“Conas tá an misneach?” / “How is the courage?”

I have been reading the beautifully produced book Aneas – Saíocht ó thraidisiún Gaelach na Mumhan. This book features various proverbs, sayings and idioms of Munster Irish, with a text accompanying each in both Irish and English (interestingly, while the texts are similar in theme and sentiment, they are not direct translations of each other) The book features haunting photos by Lanke Haouche Perren (the cover is reproduced below and the photo below is from Haouche Perren’s LinkedIn page)

Aneas 21.1.14-600x600

“Conas tá an misneach?”

Ar an misneach a mhairimid. Coimeádann sé an dé ionainn, nuair a chaithimid coimeád sa tsúil, agus an saol dorcha timpeall orainn, go drí go ngealann an ghrian aris dúinn. Rud a dhéanann, le foighne. Aithníonn an beannú coitianta seo i gCora Dhuibhne tábacht an mhisnigh, tuigeann sé a leochaileacht, tacaíonn sé lena fhorbairt. Léargas deas é ar fhealsúnacht an chultúir.


Éilíonn gach aon tsaol agus gach aon tréimhse sa tsaol, a mhisneach uathach féin. Agus ins na laethanta diana trína bhfuil an oiread sín daoine ag streachailt faoi láthair, ni mór misneach a chothú. Níl aon rud buan. Casfaidh an roth.  Mar a deir ráiteas gaoiseach eile:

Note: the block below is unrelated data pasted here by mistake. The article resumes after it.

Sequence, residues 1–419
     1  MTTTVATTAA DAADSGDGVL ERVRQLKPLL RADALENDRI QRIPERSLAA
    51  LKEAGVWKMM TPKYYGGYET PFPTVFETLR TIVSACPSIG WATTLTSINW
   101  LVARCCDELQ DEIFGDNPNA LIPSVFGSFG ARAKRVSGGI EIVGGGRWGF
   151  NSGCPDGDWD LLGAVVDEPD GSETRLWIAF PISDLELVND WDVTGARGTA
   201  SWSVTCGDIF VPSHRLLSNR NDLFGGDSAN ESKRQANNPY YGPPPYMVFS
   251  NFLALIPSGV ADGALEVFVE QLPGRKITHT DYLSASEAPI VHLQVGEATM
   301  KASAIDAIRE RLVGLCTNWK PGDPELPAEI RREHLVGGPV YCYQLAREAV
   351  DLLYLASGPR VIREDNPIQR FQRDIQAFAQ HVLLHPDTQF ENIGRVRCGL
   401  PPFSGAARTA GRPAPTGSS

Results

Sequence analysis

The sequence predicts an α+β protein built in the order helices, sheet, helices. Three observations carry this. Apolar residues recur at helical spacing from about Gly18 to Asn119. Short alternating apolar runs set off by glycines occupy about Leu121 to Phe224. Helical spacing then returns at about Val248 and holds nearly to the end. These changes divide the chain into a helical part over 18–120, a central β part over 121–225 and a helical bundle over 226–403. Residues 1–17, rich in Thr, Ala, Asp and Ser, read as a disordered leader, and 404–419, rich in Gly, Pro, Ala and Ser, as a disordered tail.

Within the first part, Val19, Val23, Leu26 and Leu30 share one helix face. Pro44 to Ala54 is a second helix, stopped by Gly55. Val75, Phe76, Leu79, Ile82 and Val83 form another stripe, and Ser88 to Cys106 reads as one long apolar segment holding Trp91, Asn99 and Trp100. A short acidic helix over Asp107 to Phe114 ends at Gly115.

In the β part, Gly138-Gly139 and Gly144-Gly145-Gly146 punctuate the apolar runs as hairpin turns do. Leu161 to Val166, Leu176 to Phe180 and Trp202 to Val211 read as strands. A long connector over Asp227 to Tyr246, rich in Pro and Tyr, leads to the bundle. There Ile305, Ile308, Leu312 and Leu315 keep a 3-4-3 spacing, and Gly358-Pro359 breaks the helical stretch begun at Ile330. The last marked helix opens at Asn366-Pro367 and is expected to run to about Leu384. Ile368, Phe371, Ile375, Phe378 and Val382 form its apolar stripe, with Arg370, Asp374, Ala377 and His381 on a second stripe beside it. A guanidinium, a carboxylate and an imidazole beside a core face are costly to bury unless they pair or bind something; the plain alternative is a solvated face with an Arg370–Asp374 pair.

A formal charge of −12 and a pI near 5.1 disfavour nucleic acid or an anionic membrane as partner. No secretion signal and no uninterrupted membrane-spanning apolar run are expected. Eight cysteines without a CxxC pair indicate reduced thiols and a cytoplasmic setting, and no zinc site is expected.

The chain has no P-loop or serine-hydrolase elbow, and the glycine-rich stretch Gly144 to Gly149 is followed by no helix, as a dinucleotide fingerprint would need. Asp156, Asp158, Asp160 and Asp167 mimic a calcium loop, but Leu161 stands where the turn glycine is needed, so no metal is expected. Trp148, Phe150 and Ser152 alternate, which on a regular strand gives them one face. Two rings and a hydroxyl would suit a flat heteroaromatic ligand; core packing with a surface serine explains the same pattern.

“Is mairg a báitear le linn an anaithe / Mar tagann an ghrian in ndiadh na fearthainne”


My own translation of this (apologies for any errors, and the English text from the book is certainly more elegant as a piece of prose):

We live on courage. It keeps us going, when we come across difficulties in our way, and life is dark around us, until the sun shines again on us. It does things to us. This saying from Corca Dhuibhne reminds us of the importance of courage, it understands it is fragile, it needs to be given support. It is a good insight into the philosophy of the culture.

In every life and in every period of life, courage is needed. And these days of trial, when so many people are struggling, courage must be maintained. Nothing is permanent. The wheel turns. As another saying has it:

“Sad the  he who drowns in the storm / for the sun comes after the rain”

The English text in the book:

This is a common greeting in Corca Dhuibhne. It reveals a great deal about the culture of the region. Courage is fundamental to a good life, sustaining us through the bad times, allowing us to reach the good. The question in itself implies communal support for the individual in daily life. It indicates a comprehension of the volatility of courage: it ned not always be strong, it may waver, it needs support and development.

In  modern society where chaos threatens, and social systems under strain, the need for courage is manifest. It is well to remember that cycles change. The sun shines again. no matter how strong the storm. We endure, things will improve. Keep up your courage, and accept the help of those who help you to sustain it.


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